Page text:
Pathophysiology and Potential Therapeutic Candidates for COVID-19: A Poorly Understood Arena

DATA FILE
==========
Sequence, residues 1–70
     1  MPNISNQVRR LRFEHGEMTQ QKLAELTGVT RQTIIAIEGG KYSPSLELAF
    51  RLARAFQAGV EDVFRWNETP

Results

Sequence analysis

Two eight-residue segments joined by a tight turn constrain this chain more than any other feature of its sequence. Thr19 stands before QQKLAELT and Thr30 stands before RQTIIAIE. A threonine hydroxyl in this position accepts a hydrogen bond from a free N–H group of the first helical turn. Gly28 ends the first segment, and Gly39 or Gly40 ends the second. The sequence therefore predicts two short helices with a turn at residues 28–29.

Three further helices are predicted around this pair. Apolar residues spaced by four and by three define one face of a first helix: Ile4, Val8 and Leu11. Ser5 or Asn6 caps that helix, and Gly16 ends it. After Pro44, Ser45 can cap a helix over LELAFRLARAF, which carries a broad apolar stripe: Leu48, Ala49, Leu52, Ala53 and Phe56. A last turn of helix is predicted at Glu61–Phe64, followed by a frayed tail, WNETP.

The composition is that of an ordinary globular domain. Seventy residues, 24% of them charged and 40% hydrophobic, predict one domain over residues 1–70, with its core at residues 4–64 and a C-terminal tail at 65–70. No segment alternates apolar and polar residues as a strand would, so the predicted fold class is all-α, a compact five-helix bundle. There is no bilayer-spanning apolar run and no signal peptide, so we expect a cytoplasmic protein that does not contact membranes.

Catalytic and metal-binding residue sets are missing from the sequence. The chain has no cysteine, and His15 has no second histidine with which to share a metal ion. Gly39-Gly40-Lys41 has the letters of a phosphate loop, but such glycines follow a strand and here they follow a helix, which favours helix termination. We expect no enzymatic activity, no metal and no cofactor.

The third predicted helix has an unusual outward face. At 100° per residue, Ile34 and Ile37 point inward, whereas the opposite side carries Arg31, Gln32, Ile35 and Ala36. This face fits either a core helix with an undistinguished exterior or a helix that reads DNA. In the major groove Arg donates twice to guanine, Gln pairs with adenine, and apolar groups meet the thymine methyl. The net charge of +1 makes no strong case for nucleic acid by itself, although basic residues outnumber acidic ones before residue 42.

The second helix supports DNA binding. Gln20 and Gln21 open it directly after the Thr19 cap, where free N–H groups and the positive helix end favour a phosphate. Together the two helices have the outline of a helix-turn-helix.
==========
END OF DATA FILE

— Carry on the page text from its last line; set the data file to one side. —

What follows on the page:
Coronavirus disease 2019 (COVID-19), an acute onset pneumonia caused by a novel betacoronavirus, severe acute respiratory syndrome coronavirus 2 (SARS-CoV-2), emerged in the Wuhan City of China in December 2019 and evolved into a global pandemic. To date, there are no proven drugs or vaccines against this virus. Hence, the situation demands an urgent need to explore all potential therapeutic strategies that can be made available to prevent the disease progression and improve patient outcomes. In absence of clinically proven treatment guidelines, several repurposed drugs and investigational agents are currently being evaluated in clinical trials for their probable benefits in the treatment of COVID-19. These include antivirals (remdesivir, lopinavir/ritonavir, umifenovir, favipiravir), interferon, antimalarials (chloroquine/hydroxychloroquine), antiparasitic drugs (ivermectin, nitazoxanide), biologics (monoclonal antibodies, interleukin receptor antagonist), cellular therapies (mesenchymal stem cells, natural killer cells), convalescent plasma, and cytokine adsorber. Though several observational studies have claimed many of these agents to be effective based on their in vitro activities and extrapolated evidence from SARS and MERS-CoV epidemics, the currently available data remains inconclusive because of ill-defined patient selection criteria, small sample size, lack of concurrent controls, and use of intermediary outcomes instead of patient-relevant outcomes. Moreover, there is a need to clearly define the patient populations who warrant therapy and also, the timing of initiation of treatment. Understanding the disease pathology responsible for the clinical manifestations of COVID-19 is imperative to identify the potential targets for drug development. This review explains the pathophysiology of COVID-19 and summarizes the potential treatment candidates which can provide guidance in developing effective therapeutic strategies.